Academic journal article Alcohol Research

A Review of Environmental-Based Community Interventions

Academic journal article Alcohol Research

A Review of Environmental-Based Community Interventions

Article excerpt

Alcohol use and related problems are affected by a myriad of both individual- and environmental-level risk factors (Wagenaar and Perry 1994). Prevention interventions that focus solely on individual-level risk factors generally do not affect community-level outcomes and need to be reinforced by changes in the broader environment in order to achieve sustained population-level effects (Room et al. 2005; Wagenaar and Perry 1994). In contrast, research suggests that prevention interventions that focus solely on altering the alcohol-related environment can be effective in reducing alcohol-related problems at a population level on their own (Babor et al. 2003).

Much of the research evidence demonstrating the effectiveness of changing the alcohol-related environment comes from studies of State-level alcohol policies (e.g., the age 21 minimum legal drinking age and alcohol excise taxes) (Elder et al. 2010; Wagenaar and Toomey 2002; Wagenaar et al. 2009). However, interventions that change the alcohol environment at the community level also can be effective (Hingson and Howland 2002). This review summarizes interventions that focus primarily on changing the community alcohol environment.


As described by Holder (2002, p. 906), "a 'community' is viewed as a set of persons engaged in shared social, cultural, political, and economic processes." An environment-based community intervention focuses on modifying this system such that the likelihood of alcohol use and/or related problems is reduced. Some of the issues addressed in these interventions include the following:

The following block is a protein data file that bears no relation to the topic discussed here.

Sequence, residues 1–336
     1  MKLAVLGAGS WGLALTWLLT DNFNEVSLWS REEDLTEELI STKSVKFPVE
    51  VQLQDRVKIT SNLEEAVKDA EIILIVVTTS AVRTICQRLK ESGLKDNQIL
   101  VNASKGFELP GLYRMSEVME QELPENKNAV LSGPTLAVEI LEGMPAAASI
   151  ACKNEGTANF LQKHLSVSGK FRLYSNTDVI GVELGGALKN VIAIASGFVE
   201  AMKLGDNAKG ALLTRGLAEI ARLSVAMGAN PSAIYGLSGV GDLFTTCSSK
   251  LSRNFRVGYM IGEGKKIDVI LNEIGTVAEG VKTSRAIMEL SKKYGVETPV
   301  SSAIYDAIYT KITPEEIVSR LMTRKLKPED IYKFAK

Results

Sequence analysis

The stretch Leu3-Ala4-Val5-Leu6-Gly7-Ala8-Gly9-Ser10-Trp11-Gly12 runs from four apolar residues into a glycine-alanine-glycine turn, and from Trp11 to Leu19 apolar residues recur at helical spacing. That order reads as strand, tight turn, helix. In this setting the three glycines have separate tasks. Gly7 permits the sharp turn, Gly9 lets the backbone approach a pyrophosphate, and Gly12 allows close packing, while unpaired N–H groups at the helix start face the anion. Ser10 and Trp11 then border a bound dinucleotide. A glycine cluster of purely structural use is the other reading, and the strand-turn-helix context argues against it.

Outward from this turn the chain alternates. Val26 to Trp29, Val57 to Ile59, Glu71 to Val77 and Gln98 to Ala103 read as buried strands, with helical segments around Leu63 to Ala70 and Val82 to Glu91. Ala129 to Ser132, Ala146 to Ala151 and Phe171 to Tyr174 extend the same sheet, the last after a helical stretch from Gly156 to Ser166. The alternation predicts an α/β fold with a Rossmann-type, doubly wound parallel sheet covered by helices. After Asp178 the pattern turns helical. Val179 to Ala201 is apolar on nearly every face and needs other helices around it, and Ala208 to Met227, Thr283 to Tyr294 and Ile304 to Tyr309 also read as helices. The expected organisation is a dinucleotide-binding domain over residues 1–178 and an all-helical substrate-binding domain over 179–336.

* Reducing underage access to alcohol from commercial (e.g., bars, restaurants, and liquor stores) or social providers (e.g., friends, parents, and coworkers);

* Decreasing alcohol availability among adults (e.g., by promoting responsible service of alcohol and increasing enforcement of alcohol-control policies);

* Increasing enforcement of drinking-and-driving laws; and

* Implementing awareness campaigns or expanding media coverage to increase awareness of and focus on alcohol-related issues.

No curricula or manuals exist that specify how to make these changes in the community. Moreover, each community is unique, complex, and not always predictable. But it is clear that without changing the community system--or the environmental determinants of behavior--the community system will continue to generate more individuals who need to be educated or treated in order to reduce alcohol use and related problems (Holder 2002; Wagenaar and Perry 1994).

Six environment-based community interventions that specifically focus on reducing alcohol use and alcohol-related problems have been developed and evaluated and are reviewed here, including Communities Mobilizing for Change on Alcohol (CMCA), the Community Prevention Trial (CPT), the Sacramento Neighborhood Alcohol Prevention Project (SNAPP), Saving Lives, Operation Safe Crossing, and Fighting Back.

CMCA focused on underage youth (i.e., those under the legal drinking age of 21). From 1993 to 1994, the program used a grassroots community-organizing approach to implement multiple strategies to prevent underage individuals from obtaining alcohol in order to ultimately reduce alcohol use and related problems (Wagenaar et al. 2000a). Communities located in Minnesota and Wisconsin were selected for the study on the basis of their size and geographic location--not on the basis of their readiness to work on this issue. Seven of these communities were randomly assigned to the intervention condition and eight to the comparison condition. In the intervention communities, various institutional policy and practice changes were implemented to reduce access to alcohol, such as alcohol compliance checks by law enforcement agencies at bars and liquor stores and enforcement of stricter drinking policies at community festivals (for a full description of the CMCA intervention, see Wagenaar et al. …

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